Purveyor of Bollocks to the Crowned Heads of Europe
Sunday, 10 June 2012
Extra! Read all about it!
Another picture which isn't going to get a credit. All I can tell you is that the lad is supposed to be called Bruno - maybe you recognise him, but I don't, not watching T.V. anymore.
I went to visit a bank here yesterday, and found that the street where it is sited had been turned into a Victorian market. A handful of stage carpenters were sawing and banging away amongst various props including stacks of barrels, hoardings with Hebrew text, and trestles with real vegetables laid out on them.
The (real) cobbled road was strewn with fake dirt - 'dirt' which was brought in from somewhere else in the back of a truck by a man who spends his whole time transporting the stuff around the country, chucking it down on streets, then sweeping it all up again and taking it somewhere else. Modern dirt would be no use in a period drama - too many fag-ends and crisp wrappers - otherwise he would be out of a job along with the corporation street-cleaners.
All of the props were painted in a wash of sepia-tinted matt varnish, and had a dusty sort of look to them, as if they had been stored in the dark at Madame Tussaud's for the last twenty years. I suppose they look right when seen through the lense of a camera though.
I asked someone in the bank what the film was, and he told me that it is to be a children's period drama. Because the bank forms about half of the backdrop, they will all be held captive in it every time filming takes place, and this will continue until the end of thursday. Shame, it would be good to see a disgruntled Santander customer come out of the door in modern dress half way through a scene. They must employ a security guard to stay on set all night and stop the drunks from trashing it.
Bath offers itself up as a film set all year round. There is quite a lot of money to be made from it, evidently. Years ago, when 'Barry Lyndon' was made here and round about, I put up the sound technicians who wanted to save the money which would otherwise be spent at the appropriately named, 'Pratt's Hotel'. The B-list always stayed in Pratt's, and the A-list stayed at the Royal Crescent.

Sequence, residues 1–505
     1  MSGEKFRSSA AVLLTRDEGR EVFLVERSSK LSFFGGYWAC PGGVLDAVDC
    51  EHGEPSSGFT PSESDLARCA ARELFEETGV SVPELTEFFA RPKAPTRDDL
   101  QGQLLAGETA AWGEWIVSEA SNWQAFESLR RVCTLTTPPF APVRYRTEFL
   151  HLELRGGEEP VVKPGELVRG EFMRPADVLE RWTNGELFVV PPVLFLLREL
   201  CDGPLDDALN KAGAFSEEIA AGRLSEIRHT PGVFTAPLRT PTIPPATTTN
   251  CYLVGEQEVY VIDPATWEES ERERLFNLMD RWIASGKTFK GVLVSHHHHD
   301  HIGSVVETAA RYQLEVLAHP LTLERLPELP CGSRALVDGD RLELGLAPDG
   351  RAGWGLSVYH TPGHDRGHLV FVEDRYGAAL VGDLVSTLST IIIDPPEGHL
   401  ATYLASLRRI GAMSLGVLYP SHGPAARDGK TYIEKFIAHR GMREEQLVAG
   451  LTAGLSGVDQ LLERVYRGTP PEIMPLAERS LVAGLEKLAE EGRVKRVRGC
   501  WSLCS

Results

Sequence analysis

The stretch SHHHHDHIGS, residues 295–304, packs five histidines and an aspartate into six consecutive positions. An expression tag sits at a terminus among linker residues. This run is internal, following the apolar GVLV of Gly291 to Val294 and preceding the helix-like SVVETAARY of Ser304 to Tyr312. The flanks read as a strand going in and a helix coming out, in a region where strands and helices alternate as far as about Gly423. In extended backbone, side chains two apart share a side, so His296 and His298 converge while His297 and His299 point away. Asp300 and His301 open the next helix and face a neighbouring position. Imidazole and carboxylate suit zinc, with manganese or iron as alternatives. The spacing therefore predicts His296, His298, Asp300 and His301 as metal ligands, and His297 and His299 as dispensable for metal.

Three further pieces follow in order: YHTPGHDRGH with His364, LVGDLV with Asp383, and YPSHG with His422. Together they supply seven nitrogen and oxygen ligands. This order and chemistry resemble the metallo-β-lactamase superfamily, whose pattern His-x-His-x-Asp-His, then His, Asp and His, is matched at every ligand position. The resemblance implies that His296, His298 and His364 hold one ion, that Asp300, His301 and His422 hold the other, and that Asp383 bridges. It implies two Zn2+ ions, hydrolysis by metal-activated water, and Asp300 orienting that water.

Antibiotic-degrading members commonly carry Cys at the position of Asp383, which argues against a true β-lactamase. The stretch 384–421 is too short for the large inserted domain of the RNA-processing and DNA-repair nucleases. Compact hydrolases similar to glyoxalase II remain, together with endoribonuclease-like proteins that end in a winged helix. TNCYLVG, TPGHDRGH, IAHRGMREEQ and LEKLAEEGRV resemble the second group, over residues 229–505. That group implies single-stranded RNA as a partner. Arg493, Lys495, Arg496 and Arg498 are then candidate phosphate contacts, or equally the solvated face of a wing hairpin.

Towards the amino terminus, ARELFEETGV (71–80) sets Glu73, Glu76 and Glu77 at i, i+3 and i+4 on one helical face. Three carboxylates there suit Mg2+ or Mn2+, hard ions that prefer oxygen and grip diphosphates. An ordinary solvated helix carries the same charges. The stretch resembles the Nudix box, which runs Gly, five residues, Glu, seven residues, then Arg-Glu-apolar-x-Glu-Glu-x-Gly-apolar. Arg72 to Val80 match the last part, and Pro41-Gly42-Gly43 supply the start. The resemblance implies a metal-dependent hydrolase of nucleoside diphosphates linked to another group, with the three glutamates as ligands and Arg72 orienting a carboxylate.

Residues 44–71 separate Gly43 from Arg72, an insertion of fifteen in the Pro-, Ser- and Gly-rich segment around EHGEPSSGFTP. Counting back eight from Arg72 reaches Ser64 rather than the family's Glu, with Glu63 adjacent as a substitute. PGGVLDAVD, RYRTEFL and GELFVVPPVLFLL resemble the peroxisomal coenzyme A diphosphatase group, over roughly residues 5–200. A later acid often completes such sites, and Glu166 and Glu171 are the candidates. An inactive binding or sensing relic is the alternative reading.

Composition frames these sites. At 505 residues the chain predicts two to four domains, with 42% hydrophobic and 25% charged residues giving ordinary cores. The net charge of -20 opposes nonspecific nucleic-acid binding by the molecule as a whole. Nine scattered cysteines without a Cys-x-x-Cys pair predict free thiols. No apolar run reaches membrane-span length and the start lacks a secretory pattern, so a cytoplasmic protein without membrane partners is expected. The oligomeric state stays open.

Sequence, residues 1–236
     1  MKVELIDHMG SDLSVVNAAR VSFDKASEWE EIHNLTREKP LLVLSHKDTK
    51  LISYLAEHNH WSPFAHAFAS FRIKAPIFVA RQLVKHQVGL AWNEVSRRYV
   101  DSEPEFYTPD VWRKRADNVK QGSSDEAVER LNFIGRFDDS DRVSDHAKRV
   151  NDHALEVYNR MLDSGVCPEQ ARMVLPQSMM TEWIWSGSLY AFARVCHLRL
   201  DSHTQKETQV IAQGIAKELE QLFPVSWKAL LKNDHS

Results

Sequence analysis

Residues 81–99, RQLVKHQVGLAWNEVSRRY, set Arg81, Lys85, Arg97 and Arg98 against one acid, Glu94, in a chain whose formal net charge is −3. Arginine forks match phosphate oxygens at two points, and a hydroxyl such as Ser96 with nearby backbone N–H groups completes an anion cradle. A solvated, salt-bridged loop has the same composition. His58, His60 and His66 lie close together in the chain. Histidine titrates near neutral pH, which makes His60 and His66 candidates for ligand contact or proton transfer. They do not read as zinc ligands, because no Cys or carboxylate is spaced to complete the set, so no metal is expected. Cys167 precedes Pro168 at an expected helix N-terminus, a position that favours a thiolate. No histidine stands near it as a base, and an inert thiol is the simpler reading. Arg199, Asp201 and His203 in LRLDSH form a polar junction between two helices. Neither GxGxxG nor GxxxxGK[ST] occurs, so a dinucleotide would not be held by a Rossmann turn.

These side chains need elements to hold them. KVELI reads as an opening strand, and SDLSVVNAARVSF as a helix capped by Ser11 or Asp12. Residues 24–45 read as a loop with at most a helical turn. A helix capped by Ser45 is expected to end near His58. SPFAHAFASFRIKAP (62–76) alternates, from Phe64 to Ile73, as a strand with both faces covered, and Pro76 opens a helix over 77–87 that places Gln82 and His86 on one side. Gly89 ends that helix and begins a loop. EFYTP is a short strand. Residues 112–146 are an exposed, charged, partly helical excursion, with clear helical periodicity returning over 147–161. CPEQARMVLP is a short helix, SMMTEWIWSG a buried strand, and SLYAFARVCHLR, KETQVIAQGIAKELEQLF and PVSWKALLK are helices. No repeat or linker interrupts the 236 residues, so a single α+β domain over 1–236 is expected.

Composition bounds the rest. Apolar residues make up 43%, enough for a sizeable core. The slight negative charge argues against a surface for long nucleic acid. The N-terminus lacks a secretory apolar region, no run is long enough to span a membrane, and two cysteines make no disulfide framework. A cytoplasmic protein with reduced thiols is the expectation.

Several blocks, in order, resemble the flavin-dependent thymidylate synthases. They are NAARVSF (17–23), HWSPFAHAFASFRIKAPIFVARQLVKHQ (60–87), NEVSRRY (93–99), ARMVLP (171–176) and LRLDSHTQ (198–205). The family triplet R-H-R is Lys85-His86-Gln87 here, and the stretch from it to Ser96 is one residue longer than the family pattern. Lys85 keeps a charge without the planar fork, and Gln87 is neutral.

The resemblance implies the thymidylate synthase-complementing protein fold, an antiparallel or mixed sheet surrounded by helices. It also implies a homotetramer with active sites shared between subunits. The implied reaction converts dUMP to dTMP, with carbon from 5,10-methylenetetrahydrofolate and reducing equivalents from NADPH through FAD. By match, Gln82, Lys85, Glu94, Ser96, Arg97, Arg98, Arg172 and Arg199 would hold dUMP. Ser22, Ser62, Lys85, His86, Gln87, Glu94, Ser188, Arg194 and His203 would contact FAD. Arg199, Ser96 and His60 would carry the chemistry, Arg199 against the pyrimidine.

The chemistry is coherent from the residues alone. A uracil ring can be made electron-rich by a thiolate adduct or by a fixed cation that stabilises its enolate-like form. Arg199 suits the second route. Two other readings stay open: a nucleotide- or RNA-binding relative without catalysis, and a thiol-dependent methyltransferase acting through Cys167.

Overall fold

One of the sound men used to be a stunt-driver in films, but on his last stunt, his foot got stuck under the accelerator pedal of the Rolls Royce, and he ended up going over the cliff with it when he was supposed to jump out. He was in hospital for months, and all the stars came to visit him when it was touch and go as to whether or not he was going to survive. He became life-long friends with Lee Marvin as a result of his accident.
The Rolls crash was probably the best bit in a truly awful film - 'Gold', set in South Africa - but I expect it would have been just as impressive without the poor bloke being in it as it destroyed itself by falling down an 80 foot precipice.
The sound boys would return every evening and lay out all the huge amount of analogue recording equipment on the living room carpet, then we would go to the pub and they would splash huge amounts of cash around in the vain attempt to pick up girls.
Their life-style was what could only be described as bizarre for most of the time they were working, and involved climbing up underneath the skirts of famous actresses whilst pushing the cable of a crystal-sync radio-mike through the star's underwear until it protruded between her tits, and was hidden in the cleavage. What a job.
They spent the whole of one day at Stow-in-the-Wold, rehearsing a scene in which a horse-drawn carriage comes rattling into a courtyard, scattering dogs and chickens before pulling up outside the inn. When it came to the take, they did not notice that one of the dogs had wandered up to sniff the end of a long, directional microphone, and just as the scene was ending, it barked very loudly into it from about two inches away.
The stunt-driver was temporarily deafened through his headset, and the needles on his mate's level indicator all swung violently into the red. They had to shoot the whole scene all over again, because these were pre-digital days, and the British never followed the Italian example of dubbing the entire film from beginning to end.
I have often thought about registering myself as an extra for these events, but the procurement of extras for the whole of the Bath area has fallen into the hands of someone who I was extremely rude to once, for reasons I have forgotten, but he hasn't.
It's a shame really, because I reckon I would look good dressed up as an 18th century toff, wandering about in the background and doffing my hat at young ladies. It's what I do every day anyway, but it would be nice to get paid for it.